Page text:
Imaging coronary lesions with near-infrared spectroscopy (NIRS) and intravascular ultrasound (IVUS) can show which plaques are vulnerable to future cardiovascular events, which may inform how, or whether, these plaques should be treated in the future.
That was a takeaway message from a focused session titled “Detection of a Vulnerable Plaque” held Saturday during Week 7 of CRT 2021 Virtual.
David Erlinge, MD, PhD, of Lund University, Sweden, explained that NIRS is an imaging modality approved by the U.S. Food and Drug Administration to identify and quantify lipid-rich plaque in human coronary arteries. Retrospective reports and a recent prospective study suggest that lipid-rich plaques detected by intracoronary NIRS imaging are associated with adverse outcomes.
NIRS data generate chemograms whereby the lipid-rich plaques appear as yellow areas, signifying a high probability of lipid, surrounded by red areas, which signify low probabilities of lipid. The Lipid Core Burden Index (LCBI) is the fraction of pixels with the probability of lipid divided by all analyzable pixels within the region of interest, multiplied by 1,000. The maximum LCBI within any 4-mm segment of a lesion, known as the maxLCBI4mm, represents the segment with the highest percentage of lipid-rich plaques. For example, a maxLCBI4mm of 625 means that 62.5% of the pixels in the measured 4-mm segment of a lesion have a high probability of being lipids.
The Lipid Rich Plaque (LRP) study, published in 2019 in The Lancet, showed that maxLCBI4mm >400 was a strong predictor of major adverse cardiovascular events (MACE) at both the patient and segment levels in patients with suspected coronary artery disease. The PROSPECT II study, published March 13 in The Lancet, showed similar results but with a maxLCBI4mm >324.7.
Gregg W. Stone, MD, of the Icahn School of Medicine at Mount Sinai and the Cardiovascular Research Foundation, discussed lessons from PROSPECT ABSORB, a randomized trial that was nested within the PROSPECT II randomized trial.
PROSPECT ABSORB, which was published in the Journal of the American College of Cardiology in November 2020, randomized 182 PROSPECT II patients to treatment with the Absorb bioresorbable vascular scaffold (Abbott) with guideline-directed medical therapy (GDMT) or GDMT alone. This study found that treatment of angiographically mild non–flow-limiting lesions with large plaque burden, small lumen areas and high lipid content was safe and substantially enlarged luminal dimensions during follow-up as compared to GDMT alone.
Stone explained that thin-cap fibroatheroma (TCFA) is the precursor lesion of most plaque ruptures. The TCFA, he said, has a well-formed necrotic core consisting of cholesterol, cholesterol esters, dead lymphocytes and macrophages, and other necrotic debris. This is separated from the lumen by a thin, metabolically active fibrous cap infiltrated by macrophages. When this ruptures, it releases the prothrombotic material it had contained, which may lead to an ST-elevation myocardial infarction, total occlusion, nonocclusive thrombus or small thrombus. Stone compared the TCFA to a volcano that erupts when enough pressure has mounted from within.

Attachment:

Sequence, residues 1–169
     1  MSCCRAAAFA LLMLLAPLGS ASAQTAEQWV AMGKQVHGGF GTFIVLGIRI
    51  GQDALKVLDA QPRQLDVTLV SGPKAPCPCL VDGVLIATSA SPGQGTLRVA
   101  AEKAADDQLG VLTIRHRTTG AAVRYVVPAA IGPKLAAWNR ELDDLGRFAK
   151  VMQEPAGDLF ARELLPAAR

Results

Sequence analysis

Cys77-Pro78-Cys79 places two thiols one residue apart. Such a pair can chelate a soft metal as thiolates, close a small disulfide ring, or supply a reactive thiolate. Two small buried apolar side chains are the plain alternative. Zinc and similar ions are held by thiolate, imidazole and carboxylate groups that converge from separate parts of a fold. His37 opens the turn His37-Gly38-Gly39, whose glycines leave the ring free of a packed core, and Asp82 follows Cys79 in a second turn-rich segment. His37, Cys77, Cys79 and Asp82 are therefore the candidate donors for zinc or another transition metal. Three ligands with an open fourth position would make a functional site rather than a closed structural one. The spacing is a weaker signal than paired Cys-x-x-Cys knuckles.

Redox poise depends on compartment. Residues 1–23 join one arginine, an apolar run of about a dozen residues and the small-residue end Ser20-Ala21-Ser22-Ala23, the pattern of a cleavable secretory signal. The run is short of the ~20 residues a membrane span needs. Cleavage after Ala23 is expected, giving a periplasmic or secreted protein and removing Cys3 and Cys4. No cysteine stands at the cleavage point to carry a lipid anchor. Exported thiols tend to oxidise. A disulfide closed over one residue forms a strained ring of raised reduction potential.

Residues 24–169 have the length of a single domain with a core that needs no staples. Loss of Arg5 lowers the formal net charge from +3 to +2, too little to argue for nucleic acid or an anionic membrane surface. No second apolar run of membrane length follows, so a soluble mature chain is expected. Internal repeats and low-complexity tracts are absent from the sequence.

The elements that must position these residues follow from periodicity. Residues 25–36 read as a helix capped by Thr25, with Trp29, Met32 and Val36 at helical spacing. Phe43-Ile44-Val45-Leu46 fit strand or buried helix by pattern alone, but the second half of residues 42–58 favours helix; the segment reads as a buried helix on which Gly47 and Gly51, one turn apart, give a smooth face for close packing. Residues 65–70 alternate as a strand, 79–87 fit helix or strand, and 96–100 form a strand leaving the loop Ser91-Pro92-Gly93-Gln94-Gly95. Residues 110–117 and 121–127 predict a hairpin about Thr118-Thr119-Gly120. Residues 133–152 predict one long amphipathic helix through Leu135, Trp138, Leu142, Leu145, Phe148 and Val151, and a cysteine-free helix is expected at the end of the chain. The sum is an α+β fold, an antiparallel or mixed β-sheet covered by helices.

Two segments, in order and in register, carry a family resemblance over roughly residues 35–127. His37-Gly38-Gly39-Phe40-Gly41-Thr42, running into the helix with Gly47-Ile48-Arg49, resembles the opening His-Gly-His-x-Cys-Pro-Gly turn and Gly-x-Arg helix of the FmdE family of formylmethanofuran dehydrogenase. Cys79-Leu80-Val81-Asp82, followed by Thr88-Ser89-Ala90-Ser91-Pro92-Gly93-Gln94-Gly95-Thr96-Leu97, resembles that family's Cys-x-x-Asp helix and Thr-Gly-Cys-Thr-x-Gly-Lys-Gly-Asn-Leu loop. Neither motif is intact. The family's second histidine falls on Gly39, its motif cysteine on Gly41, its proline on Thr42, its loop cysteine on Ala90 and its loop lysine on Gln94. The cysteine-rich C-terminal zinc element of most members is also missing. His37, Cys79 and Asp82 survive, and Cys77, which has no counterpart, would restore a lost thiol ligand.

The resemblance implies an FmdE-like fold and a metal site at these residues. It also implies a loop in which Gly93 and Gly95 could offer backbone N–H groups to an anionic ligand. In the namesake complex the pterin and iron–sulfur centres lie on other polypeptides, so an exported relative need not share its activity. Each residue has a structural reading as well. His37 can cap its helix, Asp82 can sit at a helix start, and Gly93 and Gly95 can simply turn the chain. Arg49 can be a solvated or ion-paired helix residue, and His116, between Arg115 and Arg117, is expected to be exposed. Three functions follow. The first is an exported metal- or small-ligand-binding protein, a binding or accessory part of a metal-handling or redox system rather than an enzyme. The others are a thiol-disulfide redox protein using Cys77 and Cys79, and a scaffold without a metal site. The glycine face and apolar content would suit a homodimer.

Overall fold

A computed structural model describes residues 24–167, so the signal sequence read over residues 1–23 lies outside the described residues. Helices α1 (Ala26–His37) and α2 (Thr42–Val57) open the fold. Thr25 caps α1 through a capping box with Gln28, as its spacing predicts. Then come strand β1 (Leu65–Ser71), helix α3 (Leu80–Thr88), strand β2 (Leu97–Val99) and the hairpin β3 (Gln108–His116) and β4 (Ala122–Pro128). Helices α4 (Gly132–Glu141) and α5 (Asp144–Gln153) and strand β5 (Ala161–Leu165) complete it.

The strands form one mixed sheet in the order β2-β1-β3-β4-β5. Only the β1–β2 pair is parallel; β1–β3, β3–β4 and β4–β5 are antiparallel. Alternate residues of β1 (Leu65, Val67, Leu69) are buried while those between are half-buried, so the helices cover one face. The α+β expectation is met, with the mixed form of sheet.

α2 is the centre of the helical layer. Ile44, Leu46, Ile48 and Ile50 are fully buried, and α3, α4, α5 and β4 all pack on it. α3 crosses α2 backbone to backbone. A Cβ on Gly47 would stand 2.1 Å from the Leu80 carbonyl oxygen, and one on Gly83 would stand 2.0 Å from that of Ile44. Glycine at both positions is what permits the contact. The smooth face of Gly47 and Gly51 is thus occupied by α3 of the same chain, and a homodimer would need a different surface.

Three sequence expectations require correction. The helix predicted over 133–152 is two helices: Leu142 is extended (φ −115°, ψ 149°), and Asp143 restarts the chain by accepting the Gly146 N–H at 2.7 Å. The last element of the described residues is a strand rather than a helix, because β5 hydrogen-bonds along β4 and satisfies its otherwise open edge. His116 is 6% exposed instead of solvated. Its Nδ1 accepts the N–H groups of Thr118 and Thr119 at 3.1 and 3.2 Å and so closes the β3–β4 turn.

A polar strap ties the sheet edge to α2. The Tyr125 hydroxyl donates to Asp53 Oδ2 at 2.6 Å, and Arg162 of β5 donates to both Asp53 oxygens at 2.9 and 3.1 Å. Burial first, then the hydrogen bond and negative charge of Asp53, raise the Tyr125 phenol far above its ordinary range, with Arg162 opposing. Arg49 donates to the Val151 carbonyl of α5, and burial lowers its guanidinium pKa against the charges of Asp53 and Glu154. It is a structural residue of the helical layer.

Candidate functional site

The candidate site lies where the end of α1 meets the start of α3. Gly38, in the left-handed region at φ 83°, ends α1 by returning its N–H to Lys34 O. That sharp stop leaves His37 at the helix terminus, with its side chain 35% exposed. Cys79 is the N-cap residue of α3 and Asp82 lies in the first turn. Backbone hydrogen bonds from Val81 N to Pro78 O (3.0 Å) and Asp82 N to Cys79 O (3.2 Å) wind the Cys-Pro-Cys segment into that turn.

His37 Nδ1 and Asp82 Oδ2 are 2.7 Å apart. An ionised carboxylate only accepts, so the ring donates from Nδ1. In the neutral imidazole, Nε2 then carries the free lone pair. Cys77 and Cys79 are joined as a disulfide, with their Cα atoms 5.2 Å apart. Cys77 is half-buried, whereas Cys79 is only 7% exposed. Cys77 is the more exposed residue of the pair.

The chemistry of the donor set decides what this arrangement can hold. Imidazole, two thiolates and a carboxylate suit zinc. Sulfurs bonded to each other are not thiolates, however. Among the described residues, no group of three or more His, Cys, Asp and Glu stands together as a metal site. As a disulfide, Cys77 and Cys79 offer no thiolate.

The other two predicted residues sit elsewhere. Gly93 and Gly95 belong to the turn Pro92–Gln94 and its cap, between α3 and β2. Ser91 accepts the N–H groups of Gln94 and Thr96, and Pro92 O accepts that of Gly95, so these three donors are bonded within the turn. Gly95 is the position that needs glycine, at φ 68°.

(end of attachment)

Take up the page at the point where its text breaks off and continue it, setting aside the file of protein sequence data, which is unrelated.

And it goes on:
Stone said the lessons from the PROSPECT I, PROSPECT II and LRP studies are that the most powerful predictors of future cardiovascular events arising from untreated non-flow-limiting lesions are large plaque burden and high lipid content, i.e., fibroatheromas.
What is the right treatment course?
He gave the example of a 65-year-old man, a prior smoker, whom Stone said was a Fortune 500 CEO, who presented with exertional dyspnea, hypertension, hypercholesterolemia treated by atorvastatin, and a stress echocardiogram that showed 1-mm exertional ST-depression but normal resting and stress left ventricular ejection fraction.
Even though the ISCHEMIA trial would indicate conservative treatment, Stone said, the operator decided to catheterize the patient, and the angiogram showed lesions with 20% stenosis in the proximal and mid left anterior descending artery. Fractional flow reserve was measured at 0.88, which again would not be an indication for percutaneous coronary intervention. The operator performed NIRS-IVUS imaging of the two lesions, which both showed high plaque burden (>70%) and high lipid content (maxLCBI4mm = 568 and 361).
Stone asked the CRT audience whether these lesions should be revascularized.
“I think today the answer has to be no, but tomorrow, maybe,” he said.
When CRT 2021 Virtual Course Chairman Ron Waksman, MD, of MedStar Washington Hospital Center, pressed Stone about whether he feels pressure to treat such lesions, Stone responded, “I definitely do.”
“Can I tell you today that you should treat those lesions?” Stone said. “No I can’t.”
Instead of performing PCI, Stone said that if presented with such a patient, he would probably prescribe a PCSK9 inhibitor with the goal of lowering the patient’s low-density lipoprotein cholesterol.
Takashi Akasaka, MD, PhD, of Wakayama Medical University, Japan, presented data showing that NIRS-IVUS imaging can differentiate among plaque rupture, plaque erosion and calcified nodules by more accurately evaluating plaque cavity, convex calcium and maxLCBI4mm as compared with optical coherence tomography.
Waksman was principal investigator of the LRP study, which was funded by Infraredx. Erlinge and Stone were co-principal investigators of PROSPECT II, which was funded by Abbott Vascular, Infraredx and The Medicines Company.
CRT 2021 Virtual takes place Fridays and Saturdays through April 24. On-demand content from the meeting is available here. The conference will take a break April 3, which is Easter weekend.